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Copyright 1991 Yale Law Journal Company.

Yale Law Journal

SYMPOSIUM: INTERNATIONAL LAW: ARTICLE: Settling Accounts: The Duty To Prosecute Human Rights Violations of a Prior Regime.

June, 1991

Tulane Law Review

100 Yale L.J. 2537

Author

Diane F. Orentlicher +

Excerpt

INTRODUCTION

From Latin America to Asia, from Eastern Europe to Africa, long-entrenched dictatorships have given way to elected civilian governments. 2 The trend has been sweeping and, at times, astonishing. The outcome of recent transitions cannot yet be known, but it is now clear that nations emerging from dictatorship face formidable challenges as they seek to establish or restore the rule of law.

Many of the new governments replaced regimes responsible for brutal crimes -- forced "disappearances," political killings and torture -- inflicted on a staggering scale and with wholesale impunity. Whether these crimes should be prosecuted has loomed as one of the most urgent, and agonizing, issues confronting the nascent democracies. In some instances, security forces responsible for the worst abuses retain substantial power, and make clear that they will not brook any legal accounting. 3 In several countries, governments have responded by granting de facto impunity; in others, the military has insisted upon amnesties which are designed, as one writer has observed, "to enforce a total amnesia regarding [its] crimes." 4 With a tenuous grip on power, some of the fledgling democracies have been presented with a Hobson's choice between their very survival and the principles upon which their existence was founded. How to balance the demands of justice against the continued dangers of military or other force presents issues to which no one has yet proposed generally satisfactory resolutions.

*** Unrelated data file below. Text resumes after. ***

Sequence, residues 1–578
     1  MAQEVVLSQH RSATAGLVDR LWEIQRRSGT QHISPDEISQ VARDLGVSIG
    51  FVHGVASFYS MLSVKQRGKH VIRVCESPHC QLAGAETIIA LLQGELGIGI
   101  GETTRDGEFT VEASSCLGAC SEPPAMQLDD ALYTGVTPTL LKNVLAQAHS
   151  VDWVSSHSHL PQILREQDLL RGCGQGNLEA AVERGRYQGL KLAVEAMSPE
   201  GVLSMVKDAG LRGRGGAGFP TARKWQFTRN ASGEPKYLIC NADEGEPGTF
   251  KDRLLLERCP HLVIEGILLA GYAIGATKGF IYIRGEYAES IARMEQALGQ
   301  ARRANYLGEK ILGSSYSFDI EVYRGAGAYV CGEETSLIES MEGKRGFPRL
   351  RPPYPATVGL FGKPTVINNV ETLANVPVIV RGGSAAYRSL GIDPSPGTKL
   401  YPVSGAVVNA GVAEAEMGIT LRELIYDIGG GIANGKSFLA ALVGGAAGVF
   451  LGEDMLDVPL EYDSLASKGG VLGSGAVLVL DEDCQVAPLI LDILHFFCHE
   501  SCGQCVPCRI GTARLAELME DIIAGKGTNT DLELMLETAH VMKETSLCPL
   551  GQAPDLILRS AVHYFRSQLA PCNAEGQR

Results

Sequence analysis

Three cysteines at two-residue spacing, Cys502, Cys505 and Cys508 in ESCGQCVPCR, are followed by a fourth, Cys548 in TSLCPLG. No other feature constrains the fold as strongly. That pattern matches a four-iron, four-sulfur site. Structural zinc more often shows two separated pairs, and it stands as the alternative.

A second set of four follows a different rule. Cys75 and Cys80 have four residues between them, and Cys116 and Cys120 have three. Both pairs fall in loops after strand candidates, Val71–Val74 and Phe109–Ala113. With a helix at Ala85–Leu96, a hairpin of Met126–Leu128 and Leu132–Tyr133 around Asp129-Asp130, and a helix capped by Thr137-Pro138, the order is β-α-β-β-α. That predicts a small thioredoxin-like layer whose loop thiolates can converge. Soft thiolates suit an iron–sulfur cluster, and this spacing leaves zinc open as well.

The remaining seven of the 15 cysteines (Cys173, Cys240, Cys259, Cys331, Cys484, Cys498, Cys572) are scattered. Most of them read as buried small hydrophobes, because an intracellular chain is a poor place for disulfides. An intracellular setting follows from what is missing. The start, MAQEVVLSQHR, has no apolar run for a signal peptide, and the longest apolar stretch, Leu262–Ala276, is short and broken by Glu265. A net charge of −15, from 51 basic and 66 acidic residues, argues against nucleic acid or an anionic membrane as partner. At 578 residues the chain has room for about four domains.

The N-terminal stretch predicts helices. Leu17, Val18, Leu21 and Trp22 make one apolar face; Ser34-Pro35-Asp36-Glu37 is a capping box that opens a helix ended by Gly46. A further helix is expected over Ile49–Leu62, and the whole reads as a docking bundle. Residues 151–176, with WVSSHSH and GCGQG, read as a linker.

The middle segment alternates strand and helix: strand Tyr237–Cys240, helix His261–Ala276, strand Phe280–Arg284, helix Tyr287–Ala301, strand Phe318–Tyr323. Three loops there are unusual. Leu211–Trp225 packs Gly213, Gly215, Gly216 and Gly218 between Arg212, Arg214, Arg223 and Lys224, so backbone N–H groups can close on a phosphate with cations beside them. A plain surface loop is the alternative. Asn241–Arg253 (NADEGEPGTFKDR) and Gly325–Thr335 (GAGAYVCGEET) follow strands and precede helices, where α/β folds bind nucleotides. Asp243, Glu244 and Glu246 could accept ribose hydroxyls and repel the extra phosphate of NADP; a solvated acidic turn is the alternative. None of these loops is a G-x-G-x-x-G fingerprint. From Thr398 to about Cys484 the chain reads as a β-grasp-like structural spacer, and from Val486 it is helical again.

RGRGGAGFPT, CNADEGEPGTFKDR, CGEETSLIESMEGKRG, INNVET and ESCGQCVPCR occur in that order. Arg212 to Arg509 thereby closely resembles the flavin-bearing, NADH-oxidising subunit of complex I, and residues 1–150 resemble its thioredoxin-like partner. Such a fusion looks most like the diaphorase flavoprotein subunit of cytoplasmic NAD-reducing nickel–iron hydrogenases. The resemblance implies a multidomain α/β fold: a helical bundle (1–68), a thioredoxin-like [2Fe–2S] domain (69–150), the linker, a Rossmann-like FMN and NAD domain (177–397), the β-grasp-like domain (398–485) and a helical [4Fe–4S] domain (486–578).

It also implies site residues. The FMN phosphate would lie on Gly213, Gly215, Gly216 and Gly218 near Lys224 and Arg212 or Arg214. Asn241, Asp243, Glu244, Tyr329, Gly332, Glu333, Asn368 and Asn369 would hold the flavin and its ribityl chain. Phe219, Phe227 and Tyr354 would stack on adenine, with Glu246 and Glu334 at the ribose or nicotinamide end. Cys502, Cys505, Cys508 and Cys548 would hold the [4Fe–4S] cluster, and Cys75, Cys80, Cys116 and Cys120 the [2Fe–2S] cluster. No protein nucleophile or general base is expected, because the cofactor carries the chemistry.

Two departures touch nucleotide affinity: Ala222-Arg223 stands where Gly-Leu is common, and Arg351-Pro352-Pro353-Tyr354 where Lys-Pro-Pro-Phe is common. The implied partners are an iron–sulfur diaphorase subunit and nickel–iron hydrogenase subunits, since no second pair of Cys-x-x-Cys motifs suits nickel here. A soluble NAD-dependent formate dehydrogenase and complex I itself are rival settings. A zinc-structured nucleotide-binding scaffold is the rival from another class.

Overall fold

While sharply divided over what policy would best promote a democratic transition, commentators agree ...
 
 
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